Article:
The word “nuclear” can be used in different meanings in English, for example, to describe something relating to the nucleus of an atom in physics or to describe a type of family in daily life. No matter the context of the word, we can observe that people become cautious when they hear the word. To see the reason, commonly, some accidents in the past are the answer. At this point, it ought to note that we shall discuss neither the necessity nor the dangers of nuclear reactors in this paper, but try to summarise some well-known accidents in the history of nuclear reactors. Having mentioned the accidents, it is worth introducing the International Nuclear and Radiological Event Scale by International Atomic Energy Agency (INES). INES is a tool for communicating the safety significance of nuclear and radiological events to the public, consisting of 7 levels, each of which is important.
Figure 1: International Nuclear and Radiological Event Scale
Throughout this paper, there are some accidents from the most dangerous 3 levels, 5-6-7, including the Chernobyl disaster, Fukushima Daiichi nuclear disaster, and Three Mile Island accident.
As summarising the incidents of the 5th-6th-7th level, to be more obvious and direct, we will go with subheadings:
Date/Location: April 26, 1986 / Pripyat-Ukraine-the Soviet Union
INES Level: 7
Human Health: According to the predictions of the UN, about 4,000 people died due to the disaster, and in total, about 600,000 people were subjected to a high dose of radiation, having caused radiation-induced cancer and leukemia.
Reason: A flawed reactor, No.4 reactor, design operated with inadequately trained personnel.
Total Production: The plant consisted of 4 RBMK-1000 reactors; the total energy production was 3,200 x 4 = 12,800 MWt (megawatt thermal).
Comments: Due to its great impact and usages in popular culture, such as TV series, journals, etc., about the disaster, it is probably by far the most frightening example people think when they hear something about nuclear. For OECD-Nuclear Energy Agency, the accident is owing to the lack of "safety culture," which is also highlighted by the World Nuclear Association. It is not the reactor itself that caused such an incident, but how safe it was kept.
-The Chornobyl Nuclear Power Plant continued to generate electricity till December 15, 2000, when it was finally stopped.
-Today, the zone is visited by tourists with a “protective” route.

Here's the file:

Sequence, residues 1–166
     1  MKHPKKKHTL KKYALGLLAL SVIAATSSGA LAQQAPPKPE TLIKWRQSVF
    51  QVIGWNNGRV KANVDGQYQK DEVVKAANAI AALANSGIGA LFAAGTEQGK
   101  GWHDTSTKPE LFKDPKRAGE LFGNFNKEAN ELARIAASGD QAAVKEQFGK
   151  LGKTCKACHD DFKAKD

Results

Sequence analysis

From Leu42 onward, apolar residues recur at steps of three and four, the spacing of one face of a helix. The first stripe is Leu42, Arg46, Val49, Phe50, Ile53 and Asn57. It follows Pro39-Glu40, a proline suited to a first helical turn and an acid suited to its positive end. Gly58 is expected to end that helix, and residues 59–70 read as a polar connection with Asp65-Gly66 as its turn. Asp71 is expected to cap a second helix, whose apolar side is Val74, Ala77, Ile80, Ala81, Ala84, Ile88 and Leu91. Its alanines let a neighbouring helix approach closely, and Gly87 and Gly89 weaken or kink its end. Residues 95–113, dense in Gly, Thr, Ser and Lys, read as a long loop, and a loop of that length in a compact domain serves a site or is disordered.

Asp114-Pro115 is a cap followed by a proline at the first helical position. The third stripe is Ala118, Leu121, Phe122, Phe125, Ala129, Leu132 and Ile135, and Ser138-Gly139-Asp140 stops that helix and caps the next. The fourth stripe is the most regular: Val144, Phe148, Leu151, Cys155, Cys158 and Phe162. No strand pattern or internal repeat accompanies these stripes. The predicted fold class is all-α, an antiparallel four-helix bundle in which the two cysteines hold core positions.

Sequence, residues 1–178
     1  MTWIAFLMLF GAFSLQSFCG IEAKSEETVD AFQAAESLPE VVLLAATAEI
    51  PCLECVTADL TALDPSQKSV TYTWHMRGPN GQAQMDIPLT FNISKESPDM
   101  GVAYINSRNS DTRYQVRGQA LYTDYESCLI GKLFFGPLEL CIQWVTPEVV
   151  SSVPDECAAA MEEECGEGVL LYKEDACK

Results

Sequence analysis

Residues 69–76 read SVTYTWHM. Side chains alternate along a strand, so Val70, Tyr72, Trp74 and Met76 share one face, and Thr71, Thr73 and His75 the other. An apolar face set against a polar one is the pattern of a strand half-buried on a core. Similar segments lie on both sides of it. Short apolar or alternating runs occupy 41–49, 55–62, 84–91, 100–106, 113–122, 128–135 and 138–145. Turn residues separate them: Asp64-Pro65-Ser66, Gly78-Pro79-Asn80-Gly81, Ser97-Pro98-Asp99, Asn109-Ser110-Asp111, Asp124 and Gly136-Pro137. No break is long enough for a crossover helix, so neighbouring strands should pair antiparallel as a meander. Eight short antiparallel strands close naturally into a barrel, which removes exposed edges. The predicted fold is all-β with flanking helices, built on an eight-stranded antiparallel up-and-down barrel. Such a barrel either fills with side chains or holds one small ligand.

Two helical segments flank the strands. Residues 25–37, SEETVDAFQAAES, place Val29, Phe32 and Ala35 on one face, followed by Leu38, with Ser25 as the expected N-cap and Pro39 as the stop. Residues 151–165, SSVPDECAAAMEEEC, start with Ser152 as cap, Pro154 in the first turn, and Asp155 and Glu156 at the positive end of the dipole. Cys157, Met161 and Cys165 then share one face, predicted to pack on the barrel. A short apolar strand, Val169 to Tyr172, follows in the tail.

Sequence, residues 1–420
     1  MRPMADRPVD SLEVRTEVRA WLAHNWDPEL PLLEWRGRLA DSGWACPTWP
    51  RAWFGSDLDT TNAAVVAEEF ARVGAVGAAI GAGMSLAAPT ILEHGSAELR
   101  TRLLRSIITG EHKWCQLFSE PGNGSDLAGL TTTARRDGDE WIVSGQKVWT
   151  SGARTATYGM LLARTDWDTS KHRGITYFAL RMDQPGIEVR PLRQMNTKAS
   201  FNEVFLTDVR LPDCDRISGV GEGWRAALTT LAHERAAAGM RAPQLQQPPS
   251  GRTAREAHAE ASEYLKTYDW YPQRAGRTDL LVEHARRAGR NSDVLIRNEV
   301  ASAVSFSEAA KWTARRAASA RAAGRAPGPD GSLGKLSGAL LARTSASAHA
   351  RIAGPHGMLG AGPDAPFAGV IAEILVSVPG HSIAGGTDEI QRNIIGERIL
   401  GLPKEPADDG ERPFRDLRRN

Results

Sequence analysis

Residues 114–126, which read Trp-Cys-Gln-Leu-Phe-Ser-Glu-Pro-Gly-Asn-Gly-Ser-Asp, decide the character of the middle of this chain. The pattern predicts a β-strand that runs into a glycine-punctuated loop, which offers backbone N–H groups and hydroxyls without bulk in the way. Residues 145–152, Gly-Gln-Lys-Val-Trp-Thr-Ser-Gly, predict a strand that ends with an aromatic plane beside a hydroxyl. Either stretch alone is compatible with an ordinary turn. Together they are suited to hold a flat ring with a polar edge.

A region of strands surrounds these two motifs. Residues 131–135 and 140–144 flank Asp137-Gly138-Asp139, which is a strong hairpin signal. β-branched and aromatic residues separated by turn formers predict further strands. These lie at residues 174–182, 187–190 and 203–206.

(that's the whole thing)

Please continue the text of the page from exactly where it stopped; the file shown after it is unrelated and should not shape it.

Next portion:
-Because the city of Pripyat had been abandoned, different wild animals have populated the city.
Fukushima Daiichi Nuclear Disaster
Date/Location: March 11, 2011 / Ōkuma, Fukushima-Japan
INES Level: 7
Human Health: 1 death was announced by the Japanese government; according to the UN, there had been no adverse, direct health effect among Fukushima prefecture residents. It is still an ongoing discussion.
Total Production: The plant has six boiling water reactors, which together have a power generation capacity of 4.60 GW.
Comments: Because of its recent occurrence, it 'tis possible to see reports news about the incident, still. For Britannica, it is the second-worst nuclear accident in the history of nuclear power generation. Also, an independent investigation set up by Japan’s parliament concluded that it was a profoundly man-made disaster”.
- Authorities are still working to clean up the area.
- All four Fukushima Daiichi reactors were written off due to damage in the accident.
- The negative image surrounding food produced in Japan has heavily impacted the Japanese economy and local producers who still find it difficult to make a living from their production, which nevertheless fully complies with consumption standards.
Three Mile Island Accident
Date/Location: March 28, 1979 / Pennsylvania, United States
INES Level: 5
Human Health: Hitherto, There have been no injuries or adverse health effects from the Three Mile Island accident.
Reason: Mistakenly close of an automatically operated valve in the Unit 2 reactor, shutting off the water supply to the main feedwater system.
Total Production: TMI-2, the reactors accident, was 906 MWe (net: 880).
Comments: Based upon Britannica, it was the most serious in the American nuclear power industry history. According to the United States Nuclear Regulatory Commission, a combination of equipment malfunctions, design-related problems, and worker errors led to TMI-2's partial meltdown and very small off-site releases of radioactivity.
-TMI-1 had continued to generate electricity till September 20, 2019, despite the accident in TMI-2.
-The clean-up effort cost about 1 billion dollars.
All in all, in this paper, we have tried to show and summarise some historical nuclear reactor incidents to inform by categorizing some dimensions of them.